Sunday, May 25, 2008

Thirties Polka Dots

Back in early 2007, when I featured ties from the thirties (or ties that I have some reason to believe are from the thirties), I thought I had shown them all. All of them in my collection. But I missed at least two. So I'm going to include them now, to go along with the new one I acquired and presented a couple of weeks ago.

To see the earlier thirties, era ties on this blog, visit the early months of 2007. Here are some links:
There was only one thirties tie posted in April, though, and since the month will be displayed in reverse order (last first), you'll have to scroll to the end of the month to see that final thirties-era tie.

OK, so what about this one? It's kind of plain on the surface. Nothing really fancy. But when you look closer, there is an elaborate and ornate design that close up, provides a sense of richness and opulence not at all visible from a distance.

Small embroidered polka dots in alternating white and red are scattered evenly over a maroon background that is not solid. Instead, there are curvy lines embedded in the fabric, barely visible in the scan, that come off the edge of the tie from the left, make sweeping 90 degree turns heading directly up the tie, then turn again to run horizontally across the tie, and then up again. Each segment between turns is about an inch in length, and the lines run parallel to each other across the surface of the tie.

There is a label printed directly into the fabric of the lining of the tie, inside the large end. It reads as follows:

Constructed of
high grade rayon
with an inner lining
insuring long wear
good tying qualities.

I've reproduced the line breaks in the original label, but not the actual look, of course. The letters are all upper case, and the "Haband Cravat" portion is a much larger font size than the rest. And there is an elaborate heraldic style crest separating the "Haband Cravat" text from the rest.

All in all, typical of 1930-era ties. Unprepossessing in its appearance, until you take a closer look, upon which it shows a much more elaborate design than one's initial impression.

Sunday, May 11, 2008

Another from the thirties

No tie got blogged last weekend. No time. My apologies to anyone who cared enough to check the blog.

I believe I've exhausted any and all ties in my vintage collection that depict actual things from the real world. So now we're back to abstract designs of one sort or another.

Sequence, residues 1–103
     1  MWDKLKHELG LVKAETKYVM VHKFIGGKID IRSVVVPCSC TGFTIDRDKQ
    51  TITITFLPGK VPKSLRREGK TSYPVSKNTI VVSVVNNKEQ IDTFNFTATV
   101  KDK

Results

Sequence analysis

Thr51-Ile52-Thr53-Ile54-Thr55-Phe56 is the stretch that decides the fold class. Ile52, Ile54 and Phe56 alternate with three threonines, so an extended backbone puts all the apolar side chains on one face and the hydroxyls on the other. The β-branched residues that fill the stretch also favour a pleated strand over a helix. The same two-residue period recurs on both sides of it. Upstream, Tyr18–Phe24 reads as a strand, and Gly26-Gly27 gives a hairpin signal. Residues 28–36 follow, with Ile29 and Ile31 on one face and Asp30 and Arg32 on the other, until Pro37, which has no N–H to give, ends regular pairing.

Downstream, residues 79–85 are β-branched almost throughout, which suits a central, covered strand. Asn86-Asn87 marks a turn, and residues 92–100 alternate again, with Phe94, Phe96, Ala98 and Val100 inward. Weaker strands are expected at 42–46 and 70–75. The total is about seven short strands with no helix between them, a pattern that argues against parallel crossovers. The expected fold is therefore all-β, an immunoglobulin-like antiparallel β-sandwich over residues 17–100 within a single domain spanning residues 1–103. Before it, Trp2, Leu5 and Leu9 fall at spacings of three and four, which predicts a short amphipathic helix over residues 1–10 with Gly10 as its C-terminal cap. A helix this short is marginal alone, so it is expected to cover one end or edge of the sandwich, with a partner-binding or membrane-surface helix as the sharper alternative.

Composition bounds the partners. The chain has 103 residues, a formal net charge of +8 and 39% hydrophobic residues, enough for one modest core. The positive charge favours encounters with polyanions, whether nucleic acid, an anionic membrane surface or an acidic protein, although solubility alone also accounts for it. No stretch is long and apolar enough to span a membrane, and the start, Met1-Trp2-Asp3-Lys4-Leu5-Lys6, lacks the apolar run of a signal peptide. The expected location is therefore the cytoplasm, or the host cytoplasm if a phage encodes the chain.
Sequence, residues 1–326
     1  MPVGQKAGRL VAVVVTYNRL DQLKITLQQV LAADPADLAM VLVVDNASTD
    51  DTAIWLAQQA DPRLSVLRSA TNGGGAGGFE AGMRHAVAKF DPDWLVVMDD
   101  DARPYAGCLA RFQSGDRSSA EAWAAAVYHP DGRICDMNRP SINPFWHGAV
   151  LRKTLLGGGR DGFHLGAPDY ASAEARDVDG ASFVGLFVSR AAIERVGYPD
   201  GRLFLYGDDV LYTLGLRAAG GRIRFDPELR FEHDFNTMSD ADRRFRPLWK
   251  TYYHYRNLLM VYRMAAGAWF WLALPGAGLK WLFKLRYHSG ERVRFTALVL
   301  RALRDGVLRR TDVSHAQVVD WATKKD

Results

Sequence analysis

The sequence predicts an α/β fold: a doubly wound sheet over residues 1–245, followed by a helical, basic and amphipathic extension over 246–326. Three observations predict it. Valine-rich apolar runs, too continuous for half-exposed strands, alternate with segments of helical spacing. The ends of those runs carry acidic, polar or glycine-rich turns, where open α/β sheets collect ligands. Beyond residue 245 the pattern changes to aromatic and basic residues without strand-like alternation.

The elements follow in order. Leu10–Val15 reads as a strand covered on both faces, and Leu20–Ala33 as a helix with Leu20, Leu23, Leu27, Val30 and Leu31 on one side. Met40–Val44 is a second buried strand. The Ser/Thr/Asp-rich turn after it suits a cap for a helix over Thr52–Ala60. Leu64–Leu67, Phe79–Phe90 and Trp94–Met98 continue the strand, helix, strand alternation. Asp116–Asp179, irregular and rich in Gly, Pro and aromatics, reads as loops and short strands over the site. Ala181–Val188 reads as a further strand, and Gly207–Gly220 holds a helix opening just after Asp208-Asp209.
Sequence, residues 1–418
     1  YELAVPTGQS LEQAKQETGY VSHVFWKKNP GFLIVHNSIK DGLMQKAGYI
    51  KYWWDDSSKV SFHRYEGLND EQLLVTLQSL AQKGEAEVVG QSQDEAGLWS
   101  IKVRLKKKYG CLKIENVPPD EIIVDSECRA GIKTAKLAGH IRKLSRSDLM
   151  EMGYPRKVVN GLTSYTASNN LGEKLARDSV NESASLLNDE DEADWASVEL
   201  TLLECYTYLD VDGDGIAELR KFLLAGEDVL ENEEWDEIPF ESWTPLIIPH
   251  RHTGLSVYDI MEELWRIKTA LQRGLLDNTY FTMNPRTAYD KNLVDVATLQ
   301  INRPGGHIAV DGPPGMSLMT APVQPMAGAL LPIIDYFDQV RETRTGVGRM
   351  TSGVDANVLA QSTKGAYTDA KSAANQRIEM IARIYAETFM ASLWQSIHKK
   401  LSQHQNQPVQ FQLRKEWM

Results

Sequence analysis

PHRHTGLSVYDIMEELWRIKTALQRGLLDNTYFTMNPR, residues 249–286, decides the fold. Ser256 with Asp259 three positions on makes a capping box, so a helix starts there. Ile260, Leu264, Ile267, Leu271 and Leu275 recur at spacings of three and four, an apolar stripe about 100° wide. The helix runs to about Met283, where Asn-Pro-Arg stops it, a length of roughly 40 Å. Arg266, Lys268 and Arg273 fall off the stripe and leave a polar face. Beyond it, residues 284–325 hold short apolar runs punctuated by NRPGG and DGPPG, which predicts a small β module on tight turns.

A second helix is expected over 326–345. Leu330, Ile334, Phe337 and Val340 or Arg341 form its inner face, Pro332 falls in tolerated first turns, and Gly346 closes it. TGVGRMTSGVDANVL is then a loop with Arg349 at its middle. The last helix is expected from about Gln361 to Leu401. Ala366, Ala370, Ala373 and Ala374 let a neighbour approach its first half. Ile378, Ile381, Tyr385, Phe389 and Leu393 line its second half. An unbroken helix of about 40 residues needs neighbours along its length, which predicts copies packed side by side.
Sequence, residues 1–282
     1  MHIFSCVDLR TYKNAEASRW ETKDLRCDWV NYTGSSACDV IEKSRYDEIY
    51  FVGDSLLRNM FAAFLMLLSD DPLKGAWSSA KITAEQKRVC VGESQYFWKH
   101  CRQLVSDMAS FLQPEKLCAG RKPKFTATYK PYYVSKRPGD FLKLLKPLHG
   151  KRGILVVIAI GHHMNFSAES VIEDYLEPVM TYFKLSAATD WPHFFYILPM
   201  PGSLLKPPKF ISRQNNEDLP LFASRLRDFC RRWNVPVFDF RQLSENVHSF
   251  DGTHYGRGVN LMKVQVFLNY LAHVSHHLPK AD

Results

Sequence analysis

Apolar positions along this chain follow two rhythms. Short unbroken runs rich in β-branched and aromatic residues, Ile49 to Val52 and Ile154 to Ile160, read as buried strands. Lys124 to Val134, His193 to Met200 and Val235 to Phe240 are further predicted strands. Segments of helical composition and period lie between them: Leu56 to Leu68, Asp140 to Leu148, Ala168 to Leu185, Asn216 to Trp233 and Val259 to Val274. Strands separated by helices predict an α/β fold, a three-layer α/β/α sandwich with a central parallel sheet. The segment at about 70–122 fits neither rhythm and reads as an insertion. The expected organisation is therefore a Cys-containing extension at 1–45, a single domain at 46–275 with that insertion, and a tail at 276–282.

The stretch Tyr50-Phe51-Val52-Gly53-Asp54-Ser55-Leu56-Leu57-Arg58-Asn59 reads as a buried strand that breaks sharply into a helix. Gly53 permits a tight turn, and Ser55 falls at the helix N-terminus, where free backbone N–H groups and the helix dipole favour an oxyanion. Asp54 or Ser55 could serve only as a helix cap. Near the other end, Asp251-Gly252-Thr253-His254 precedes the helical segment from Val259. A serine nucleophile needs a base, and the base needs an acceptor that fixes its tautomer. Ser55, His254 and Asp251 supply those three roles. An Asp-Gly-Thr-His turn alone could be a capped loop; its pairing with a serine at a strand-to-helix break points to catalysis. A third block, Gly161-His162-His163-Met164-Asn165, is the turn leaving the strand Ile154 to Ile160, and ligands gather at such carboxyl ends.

Back in 2007, to kick off my second year of blogging ties, I featured my somewhat limited collection of thirties-era ties. I say somewhat limited because at that time I only found twelve ties to post that I believed to have originated in that decade.

Now I'm presenting another, which I have acquired at some point since those ties were featured here on the blog. In fact, this is a fairly recent acquisition, although I don't remember for sure if it turned up this year, or sometime last year. My wife found it at a thrift shop somewhere, and acquired it for me.

I'm not sure how well the colors will show up in the scan, on a computer screen. It appears somewhat dull at first glance, but a closer look reveals the usual glamor associated with ties from this ear. The pattern on the tie is woven directly into the fabric in a kind of embroidery manner. And the lighter colors gleam and glisten in the light.

I'm highly suspicious of the shape and width of this tie. It does not appear even in width as you descend toward the point, actually narrowing slightly, which is not normal. Looking inside, there is about an inch of fabric tucked in above the point. This tucked portion narrows dramatically as it ascends. If one were to unstitch the tie, and refold and repress it, utilizing this tucked in portion, the tie could be made to have a dramatic flare in width at the end, just prior to the pointing in at the bottom. I suspect it may have been like that originally.

The tie has one extant label sewn into the back of the short end which reads simply "Resilient Construction."

Sunday, May 04, 2008

Lyre on Navy Blue Background

When I was presenting the vintage musical ties in my collection, I completely forgot about this one, and it's probably the best of all! Yesterday I was looking for a musical tie to wear to church, and amongst all my modern ones, I came across this vintage beauty, always one of my favorites, and suddenly realized I hadn't put it up here on the blog. A major oversight.

I think that when I get ready to post next week, I may post-date this entry, so that it is moved into the slot created by my not posting a tie week before last. That way, when folks scroll through the entries, it will fall into place with the other musical ties. But I'll leave it here for now, so that anyone looking for a new entry this week will find it.

The lyre is a symbol of music, and as such, often appeared in hymnals and on other musical publications, used in a symbolical manner. This particular example very likely does not really depict a playable instrument, but is also a symbolic representation.

Note also the elaborate brocade pattern woven into the fabric. I will admit that I adjusted the contrast on the image slightly, to bring out the brocade more clearly. In reality, the brocade is almost exactly the same shade as the rest of the tie fabric, although plainly visible, especially in the right light. It has the effect of changing appearance in the light, so that at one angle the brocade appears lighter (as in the scan), but turned at another angle, the brocade pattern appears darker, and the rest of the tie fabric seems lighter. It creates a VERY rich effect.

The tie has only one label extant, which is printed directly onto or into the fabric on the reverse side of the large end, and it reads somewhat enigmatically "Crecian Art."